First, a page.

Speaker John Boehner cast blame on Democrats for prolonging the shutdown on Friday, but didn't specify a way forward in the Washington stalemate.
Waving a copy of the Wall Street Journal, the speaker cited an anonymous White House official in the paper who indicated "it doesn't really matter to us" how long the standoff occurs as long as the administration prevails.
"This isn't some damn game," Boehner said in a Friday press conference with Republican leaders. "The American people don't want their government shut down and neither do I. All we're asking for is to sit down and have a discussion and...reopen the government and bring fairness to the American people under Obamacare."
As day four of the shutdown gets under way, Republicans are continuing their strategy of passing small piecemeal legislation to partially fund the government, announcing 10 new bills on Friday funding agencies like FEMA and the National Weather Service as well as food programs for impoverished Americans. The White House and Senate Democratic leaders have said they will not support any of them, demanding Republicans pass a clean continuing resolution that would reopen the government entirely. Republican leaders say that won't happen, although a small group of about 20 House Republicans have said they'd vote for a clean CR if Boehner brought it to the floor. That, with full Democratic support, would constitute a majority.
The White House reiterated its opposition to any such "piecemeal" funding bills with another statement released around the time of Boehner's press conference. "Instead of opening up a few Government functions, the House of Representatives should re-open all of the Government," the Office of Management and Budget Friday statement read.
At this point, the shutdown fight has into a kind of meta-debate. Whereas the lead-up to the shutdown was characterized by apocalyptic warnings on the right that this is the last chance to stop Obamacare before the government Leviathan becomes permanent, the new phase is mostly about mitigating the effects of the shutdown itself and demanding negotiations as an end unto itself.
"It's hard to talk about strategy when the other side won't conference," Congressman Michael Burgess said after Friday morning's House GOP meeting. "It's as simple as that."
One frustrating problem for Republicans is that the Affordable Care Act is still being funded during the shutdown. That puts a kind of cap on the Republican strategy of passing a piecemeal set of funding measures: even if they essentially reconstituted the entire government with individual bills, Obamacare would still be around. So why not just fund the whole government?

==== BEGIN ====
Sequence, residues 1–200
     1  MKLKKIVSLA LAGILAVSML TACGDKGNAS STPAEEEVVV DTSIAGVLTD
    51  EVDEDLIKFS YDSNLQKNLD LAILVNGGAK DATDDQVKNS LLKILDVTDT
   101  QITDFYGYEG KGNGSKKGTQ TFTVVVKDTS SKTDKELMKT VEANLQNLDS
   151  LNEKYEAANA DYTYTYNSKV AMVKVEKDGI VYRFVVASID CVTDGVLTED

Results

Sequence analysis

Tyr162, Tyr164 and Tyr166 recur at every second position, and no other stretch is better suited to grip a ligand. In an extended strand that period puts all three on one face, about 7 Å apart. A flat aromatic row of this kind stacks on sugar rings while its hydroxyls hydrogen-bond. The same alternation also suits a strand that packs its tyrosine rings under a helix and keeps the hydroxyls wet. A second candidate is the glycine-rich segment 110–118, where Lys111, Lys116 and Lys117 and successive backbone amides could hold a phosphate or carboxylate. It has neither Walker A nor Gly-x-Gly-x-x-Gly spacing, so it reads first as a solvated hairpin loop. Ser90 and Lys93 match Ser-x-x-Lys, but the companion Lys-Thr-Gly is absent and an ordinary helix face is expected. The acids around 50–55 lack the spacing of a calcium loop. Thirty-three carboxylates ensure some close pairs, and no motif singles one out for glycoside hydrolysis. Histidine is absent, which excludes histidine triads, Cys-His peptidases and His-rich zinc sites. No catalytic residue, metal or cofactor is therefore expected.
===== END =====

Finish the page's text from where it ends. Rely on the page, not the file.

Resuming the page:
There may not be a clear endgame in sight for House Republicans at the moment. But scattered reports emerged on Friday that various players, from Boehner to GOP moderates to House Democratic leaders, were working on a variety of possible plans to break the stalemate.
Although Boehner did not bring it up in his meeting with House Republicans, National Review's Robert Costa reported that the Speaker is now focused on crafting a large budget deal involving tax reform and entitlement cuts which he would then tie to both the CR and the debt limit. Obama has repeatedly said he won't accept a major budget deal without the GOP agreeing to new tax revenues, so this isn't likely to go anywhere without some willingness to budge on Boehner's behalf. And the president's been just as insistent he won't negotiate on the debt limit, raising the fear of a default if neither side budges before October 17, when the Treasury Department says the US will default on its obligations and spark a financial crisis.
But while the shutdown shows little sign of abating, there are subtle signs the debt ceiling fight may be less tense than some initially feared. The New York Times reported on Thursday night that Boehner had informed colleagues he was unwilling to default and would rely on Democratic votes to pass a debt ceiling increase if necessary. Similar reports soon followed. Republican members who talked to MSNBC on Thursday indicated they were uneasy with using the debt limit as a threat, preferring instead to characterize it as a general opportunity to discuss the budget with the White House.
"I don't believe we should default on our debt, its not good for our country," Boehner said on Friday. "But after 55 years of spending more than what you bring in, something ought to be addressed."
Boehner is the most important player in the current drama, but the lack of major movement since the shutdown began Tuesday is prompting rank-and-file Democrats Republicans to explore their own alternatives -- even if they're not too likely to go anywhere.
Republican Congressman Charlie Dent of Pennsylvania, one of the fiercest critics of the party's tea party wing, joined a small group of House Democrats in proposing a six-month bill funding the government in exchange for repealing the ACA's medical device tax, which many Democrats have criticized. But the conservative wing of the GOP is likely to reject the offer as too weak while Democratic leaders are opposed to anything but a clean CR.
On the other side of the aisle, the Washington Post's Greg Sargent reports that House Democrats are looking at a complicated legislative maneuver to force a vote on a clean CR using a discharge petition, a procedure in which members can bring a bill to the floor by acquiring signatures from a majority of the House. Since close to two dozen Republicans have said they support funding the government without preconditions, Democrats could garner that number in theory. In practice, however, it's extremely unlikely. While many Republicans have publicly called for an end to the shutdown, nearly all of them have towed the party line when there are actual votes.